It is hard to avoid the feeling that the authors keep skating on thin ice in their enthusiasm for ABBA. In their initial pre-analysis plan, the focus was squarely on ABBA per se, without any reference to reconciliation. When ABBA caused ‘pain without gain’, reconciliation was invoked as the follow-up reform that would unleash its power. When reconciliation led to another disaster, the authors told us that it could have been otherwise. And now they promise further benefits from ABBA with new applications, such as portability and ‘choice’.
For our part, we read their findings as a critical warning that similar problems are likely to arise with these proposed applications. National portability, for one, is a very complex reform that could easily lead to the sort of chaos that happened in Jharkhand, on a larger scale (Khera 2020). Indeed, the Government of India has already sought nationwide enforcement of some of the measures that caused much damage in Jharkhand, such as the use of the ‘ultimatum method’ to achieve 100% seeding of ration cards. Caution is of the essence.
What is particularly puzzling is how MNS achieve this cheerful confidence without a clear solution to the exclusion problems that have repeatedly emerged in our respective studies. Their 4,000-word response has little to say on that, beyond a vague appeal for greater attention to ‘beneficiary experience’ in Jharkhand.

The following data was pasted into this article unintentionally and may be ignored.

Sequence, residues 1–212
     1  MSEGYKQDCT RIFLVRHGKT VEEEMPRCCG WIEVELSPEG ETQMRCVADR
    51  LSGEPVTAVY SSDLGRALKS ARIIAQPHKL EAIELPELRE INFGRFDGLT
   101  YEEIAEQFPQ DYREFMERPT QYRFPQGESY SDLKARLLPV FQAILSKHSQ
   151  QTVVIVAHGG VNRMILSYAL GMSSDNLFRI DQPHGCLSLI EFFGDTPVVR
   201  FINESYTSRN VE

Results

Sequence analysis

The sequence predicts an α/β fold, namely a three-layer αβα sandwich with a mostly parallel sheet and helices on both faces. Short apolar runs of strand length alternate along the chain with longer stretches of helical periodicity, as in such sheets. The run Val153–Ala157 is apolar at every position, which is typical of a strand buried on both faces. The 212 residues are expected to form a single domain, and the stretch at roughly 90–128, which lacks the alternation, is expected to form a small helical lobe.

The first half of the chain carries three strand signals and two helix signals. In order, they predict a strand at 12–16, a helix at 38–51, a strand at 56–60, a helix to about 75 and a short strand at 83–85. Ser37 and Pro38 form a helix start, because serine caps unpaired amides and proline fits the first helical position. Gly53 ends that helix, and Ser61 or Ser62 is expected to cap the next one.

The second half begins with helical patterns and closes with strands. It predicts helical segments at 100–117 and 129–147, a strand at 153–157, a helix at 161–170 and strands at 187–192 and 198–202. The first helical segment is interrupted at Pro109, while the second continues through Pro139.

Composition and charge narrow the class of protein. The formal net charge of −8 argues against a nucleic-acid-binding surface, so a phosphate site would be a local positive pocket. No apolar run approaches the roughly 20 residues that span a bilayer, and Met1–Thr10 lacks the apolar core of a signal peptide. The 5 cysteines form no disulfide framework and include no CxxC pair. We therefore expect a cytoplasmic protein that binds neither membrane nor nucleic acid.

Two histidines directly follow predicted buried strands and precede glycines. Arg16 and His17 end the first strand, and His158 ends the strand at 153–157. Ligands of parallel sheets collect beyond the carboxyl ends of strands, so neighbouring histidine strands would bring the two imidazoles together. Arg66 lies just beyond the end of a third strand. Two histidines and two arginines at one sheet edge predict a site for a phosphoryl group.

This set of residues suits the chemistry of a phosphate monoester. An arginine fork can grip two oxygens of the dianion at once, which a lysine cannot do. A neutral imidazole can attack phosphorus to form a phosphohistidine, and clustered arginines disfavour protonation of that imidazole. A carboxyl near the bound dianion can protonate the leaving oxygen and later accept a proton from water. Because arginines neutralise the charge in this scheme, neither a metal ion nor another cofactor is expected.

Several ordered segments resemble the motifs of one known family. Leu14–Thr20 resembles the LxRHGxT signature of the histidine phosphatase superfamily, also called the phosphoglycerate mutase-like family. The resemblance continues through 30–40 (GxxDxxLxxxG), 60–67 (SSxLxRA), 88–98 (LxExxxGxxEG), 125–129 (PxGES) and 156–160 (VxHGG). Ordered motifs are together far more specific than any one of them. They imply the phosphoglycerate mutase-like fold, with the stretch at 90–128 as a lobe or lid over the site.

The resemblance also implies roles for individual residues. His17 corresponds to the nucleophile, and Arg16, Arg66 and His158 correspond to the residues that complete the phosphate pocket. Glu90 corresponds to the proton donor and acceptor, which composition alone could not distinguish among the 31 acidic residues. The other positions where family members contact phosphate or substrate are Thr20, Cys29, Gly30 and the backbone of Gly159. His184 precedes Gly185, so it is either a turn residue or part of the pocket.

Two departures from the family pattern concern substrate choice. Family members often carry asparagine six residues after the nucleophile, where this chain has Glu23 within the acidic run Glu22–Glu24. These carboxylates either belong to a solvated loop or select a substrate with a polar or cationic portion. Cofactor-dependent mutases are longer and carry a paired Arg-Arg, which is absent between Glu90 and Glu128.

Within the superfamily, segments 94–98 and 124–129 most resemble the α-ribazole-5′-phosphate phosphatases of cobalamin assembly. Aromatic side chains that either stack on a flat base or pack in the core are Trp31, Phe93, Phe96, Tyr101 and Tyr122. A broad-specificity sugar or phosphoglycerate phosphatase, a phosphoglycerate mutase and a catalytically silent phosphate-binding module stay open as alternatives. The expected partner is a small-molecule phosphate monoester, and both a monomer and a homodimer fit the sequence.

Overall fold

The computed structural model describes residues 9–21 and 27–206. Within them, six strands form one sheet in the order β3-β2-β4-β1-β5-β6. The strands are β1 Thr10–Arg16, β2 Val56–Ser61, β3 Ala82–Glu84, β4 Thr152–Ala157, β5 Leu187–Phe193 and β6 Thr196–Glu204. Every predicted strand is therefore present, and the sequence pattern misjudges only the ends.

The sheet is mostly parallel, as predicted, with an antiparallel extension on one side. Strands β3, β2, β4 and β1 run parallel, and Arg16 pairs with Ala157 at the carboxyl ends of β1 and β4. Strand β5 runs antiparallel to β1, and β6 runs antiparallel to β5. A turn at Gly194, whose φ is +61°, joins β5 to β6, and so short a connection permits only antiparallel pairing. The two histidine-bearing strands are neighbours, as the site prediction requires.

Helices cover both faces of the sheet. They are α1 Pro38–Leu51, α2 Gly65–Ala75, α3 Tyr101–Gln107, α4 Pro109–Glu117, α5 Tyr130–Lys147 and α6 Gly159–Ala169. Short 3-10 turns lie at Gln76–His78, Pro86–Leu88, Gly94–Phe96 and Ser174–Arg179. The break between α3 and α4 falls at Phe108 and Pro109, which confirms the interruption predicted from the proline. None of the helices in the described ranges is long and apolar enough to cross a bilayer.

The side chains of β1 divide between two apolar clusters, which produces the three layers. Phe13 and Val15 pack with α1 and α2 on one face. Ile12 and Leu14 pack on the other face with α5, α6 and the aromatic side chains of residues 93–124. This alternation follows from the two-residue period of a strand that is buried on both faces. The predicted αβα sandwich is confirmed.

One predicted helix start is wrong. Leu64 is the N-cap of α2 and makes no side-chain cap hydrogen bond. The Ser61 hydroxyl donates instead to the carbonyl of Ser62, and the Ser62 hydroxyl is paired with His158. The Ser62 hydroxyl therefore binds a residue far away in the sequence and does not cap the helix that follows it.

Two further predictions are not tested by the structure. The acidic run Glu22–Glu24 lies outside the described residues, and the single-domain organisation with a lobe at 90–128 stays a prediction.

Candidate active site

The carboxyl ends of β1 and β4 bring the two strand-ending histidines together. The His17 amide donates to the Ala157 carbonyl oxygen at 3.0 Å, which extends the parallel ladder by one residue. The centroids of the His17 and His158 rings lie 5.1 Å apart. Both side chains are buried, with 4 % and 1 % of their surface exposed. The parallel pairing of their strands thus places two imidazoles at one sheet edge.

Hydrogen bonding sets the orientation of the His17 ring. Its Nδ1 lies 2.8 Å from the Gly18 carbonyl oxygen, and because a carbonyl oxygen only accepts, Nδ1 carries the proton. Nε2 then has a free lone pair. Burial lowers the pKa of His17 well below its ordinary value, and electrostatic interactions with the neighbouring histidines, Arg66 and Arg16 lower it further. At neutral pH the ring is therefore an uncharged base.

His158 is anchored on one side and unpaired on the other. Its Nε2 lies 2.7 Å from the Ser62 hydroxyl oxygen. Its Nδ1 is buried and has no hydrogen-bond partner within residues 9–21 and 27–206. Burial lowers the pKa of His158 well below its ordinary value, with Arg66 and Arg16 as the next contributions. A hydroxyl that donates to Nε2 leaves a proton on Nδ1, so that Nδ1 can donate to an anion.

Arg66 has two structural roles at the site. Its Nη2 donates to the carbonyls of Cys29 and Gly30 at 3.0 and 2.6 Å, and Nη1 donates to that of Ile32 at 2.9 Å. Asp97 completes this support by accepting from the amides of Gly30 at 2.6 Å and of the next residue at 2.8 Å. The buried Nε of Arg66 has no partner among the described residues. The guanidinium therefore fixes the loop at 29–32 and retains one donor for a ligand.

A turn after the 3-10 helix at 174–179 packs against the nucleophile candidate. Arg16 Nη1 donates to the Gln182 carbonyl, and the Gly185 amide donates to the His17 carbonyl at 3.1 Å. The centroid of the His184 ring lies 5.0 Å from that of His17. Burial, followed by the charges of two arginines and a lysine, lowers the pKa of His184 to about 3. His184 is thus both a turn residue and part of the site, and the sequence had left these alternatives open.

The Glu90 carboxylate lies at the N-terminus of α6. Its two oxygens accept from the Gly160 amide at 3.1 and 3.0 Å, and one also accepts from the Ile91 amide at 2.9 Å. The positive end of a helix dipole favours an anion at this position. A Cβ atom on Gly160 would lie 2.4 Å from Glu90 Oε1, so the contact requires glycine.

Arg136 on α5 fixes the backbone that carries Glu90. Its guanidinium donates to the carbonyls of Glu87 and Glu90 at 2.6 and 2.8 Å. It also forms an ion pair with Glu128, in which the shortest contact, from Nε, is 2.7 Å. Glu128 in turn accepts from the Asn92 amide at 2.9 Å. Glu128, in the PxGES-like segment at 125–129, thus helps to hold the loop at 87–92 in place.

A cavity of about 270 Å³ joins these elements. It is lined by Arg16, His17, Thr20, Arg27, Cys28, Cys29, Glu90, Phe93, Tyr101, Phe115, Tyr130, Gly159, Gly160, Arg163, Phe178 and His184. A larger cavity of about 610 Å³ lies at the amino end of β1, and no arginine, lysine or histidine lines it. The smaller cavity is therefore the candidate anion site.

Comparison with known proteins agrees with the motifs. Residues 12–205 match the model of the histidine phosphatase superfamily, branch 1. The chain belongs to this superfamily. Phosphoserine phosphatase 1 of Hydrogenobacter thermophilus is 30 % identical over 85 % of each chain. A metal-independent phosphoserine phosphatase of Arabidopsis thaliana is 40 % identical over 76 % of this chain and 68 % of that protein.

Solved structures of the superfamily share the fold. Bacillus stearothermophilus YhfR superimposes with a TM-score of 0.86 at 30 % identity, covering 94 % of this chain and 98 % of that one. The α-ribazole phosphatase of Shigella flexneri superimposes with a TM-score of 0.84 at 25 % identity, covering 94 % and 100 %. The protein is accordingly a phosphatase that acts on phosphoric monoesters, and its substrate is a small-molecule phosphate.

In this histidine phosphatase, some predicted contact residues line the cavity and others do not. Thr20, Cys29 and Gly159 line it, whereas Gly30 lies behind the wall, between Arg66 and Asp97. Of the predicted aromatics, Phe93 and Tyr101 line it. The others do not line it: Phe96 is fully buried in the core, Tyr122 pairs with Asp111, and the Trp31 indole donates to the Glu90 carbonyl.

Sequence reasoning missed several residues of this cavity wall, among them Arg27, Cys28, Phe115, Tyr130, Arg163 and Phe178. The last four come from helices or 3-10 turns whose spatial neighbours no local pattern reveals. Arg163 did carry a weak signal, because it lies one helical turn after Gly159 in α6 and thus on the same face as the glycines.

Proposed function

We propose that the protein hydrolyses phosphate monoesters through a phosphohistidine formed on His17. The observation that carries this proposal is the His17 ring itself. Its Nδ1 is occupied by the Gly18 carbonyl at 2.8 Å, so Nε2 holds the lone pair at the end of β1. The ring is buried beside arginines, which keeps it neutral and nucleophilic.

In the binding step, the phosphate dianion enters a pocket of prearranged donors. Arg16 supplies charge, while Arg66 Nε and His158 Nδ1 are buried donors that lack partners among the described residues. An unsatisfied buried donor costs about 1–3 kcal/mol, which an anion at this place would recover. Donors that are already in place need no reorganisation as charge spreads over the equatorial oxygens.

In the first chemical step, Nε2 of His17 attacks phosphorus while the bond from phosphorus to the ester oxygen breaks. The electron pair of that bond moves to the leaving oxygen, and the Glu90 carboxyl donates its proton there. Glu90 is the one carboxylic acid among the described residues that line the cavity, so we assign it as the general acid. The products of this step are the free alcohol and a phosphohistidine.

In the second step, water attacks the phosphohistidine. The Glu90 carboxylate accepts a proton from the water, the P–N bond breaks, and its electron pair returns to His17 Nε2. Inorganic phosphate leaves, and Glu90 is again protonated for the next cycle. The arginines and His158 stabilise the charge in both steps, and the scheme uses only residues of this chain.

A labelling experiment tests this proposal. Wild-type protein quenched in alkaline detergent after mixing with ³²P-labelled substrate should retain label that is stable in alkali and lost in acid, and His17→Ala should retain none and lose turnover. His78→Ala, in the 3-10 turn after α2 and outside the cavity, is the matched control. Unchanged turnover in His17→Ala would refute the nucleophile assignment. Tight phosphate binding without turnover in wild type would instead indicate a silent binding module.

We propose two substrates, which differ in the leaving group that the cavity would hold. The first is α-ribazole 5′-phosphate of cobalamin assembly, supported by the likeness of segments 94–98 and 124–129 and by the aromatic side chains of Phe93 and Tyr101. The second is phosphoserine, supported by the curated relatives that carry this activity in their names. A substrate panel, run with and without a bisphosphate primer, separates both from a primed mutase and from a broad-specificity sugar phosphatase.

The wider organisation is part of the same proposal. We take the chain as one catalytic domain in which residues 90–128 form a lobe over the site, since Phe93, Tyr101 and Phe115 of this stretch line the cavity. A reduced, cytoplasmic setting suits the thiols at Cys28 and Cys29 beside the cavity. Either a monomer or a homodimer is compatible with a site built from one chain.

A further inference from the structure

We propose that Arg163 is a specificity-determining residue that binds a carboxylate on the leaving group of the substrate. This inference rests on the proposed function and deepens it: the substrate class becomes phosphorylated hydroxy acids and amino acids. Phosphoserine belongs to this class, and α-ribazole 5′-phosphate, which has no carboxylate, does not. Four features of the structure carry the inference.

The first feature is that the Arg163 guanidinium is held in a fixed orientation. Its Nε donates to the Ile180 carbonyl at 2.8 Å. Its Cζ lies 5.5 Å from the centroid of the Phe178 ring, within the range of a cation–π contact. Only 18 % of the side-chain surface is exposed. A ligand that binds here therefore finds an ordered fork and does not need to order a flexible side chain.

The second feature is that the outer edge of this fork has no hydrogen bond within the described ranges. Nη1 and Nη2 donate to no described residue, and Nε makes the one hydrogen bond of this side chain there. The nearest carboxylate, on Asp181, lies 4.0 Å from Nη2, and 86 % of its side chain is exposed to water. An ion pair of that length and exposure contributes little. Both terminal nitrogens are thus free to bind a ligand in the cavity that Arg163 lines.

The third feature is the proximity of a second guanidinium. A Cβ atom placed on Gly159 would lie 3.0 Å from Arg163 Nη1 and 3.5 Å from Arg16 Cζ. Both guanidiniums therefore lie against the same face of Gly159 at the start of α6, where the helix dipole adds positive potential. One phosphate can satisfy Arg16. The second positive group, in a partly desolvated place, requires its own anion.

MNS submit that their findings lend themselves to multiple interpretations. One could add that the preferred interpretation might depend on where one situates oneself (Drèze 2018). A government advisor may be happy to recommend further applications of ABBA to the Jharkhand government subject to greater attention to ‘beneficiary experience’ in the future. Someone who advises the beneficiaries themselves, however, may prefer to warn them against these applications, bearing in mind that the Jharkhand government is very unlikely to be more sensitive to their experience in the near future. MNS have brought valuable evidence to bear on PDS reforms in Jharkhand, what we do with it is another ballgame.
- Aadhaar or Unique Identification (UID) number is a 12-digit identification number linked to an individual’s biometrics (fingerprints, iris, and photographs), issued to Indian residents by the Unique Identification Authority of India (UIDAI) on behalf of the Government of India.
- Reconciliation here refers to the process of using authenticated transaction data to bring grain disbursements to ration shops in line with recorded distribution.
- Drèze, J (2018), ‘Evidence, Policy and Politics’, Ideas for India, 3 August.
- Drèze, J, R Khera and A Somanchi (2020), ‘Balancing corruption and exclusion: A rejoinder’, Ideas for India, 28 September.
- Khera, Reetika (2020), ‘Modi government's ‘One Nation, One Ration’ is an attempt to deflect attention from actual solutions’, Scroll, 17 June.
- Muralidharan, K, P Niehaus and S Sukhtankar (2020), ‘Balancing Corruption and Exclusion: Incorporating Aadhaar into PDS’, Ideas for India, 17 April.
- Muralidharan, K, P Niehaus and S Sukhtankar (2020), ‘Balancing corruption and exclusion: A response’, Ideas for India, 21 October.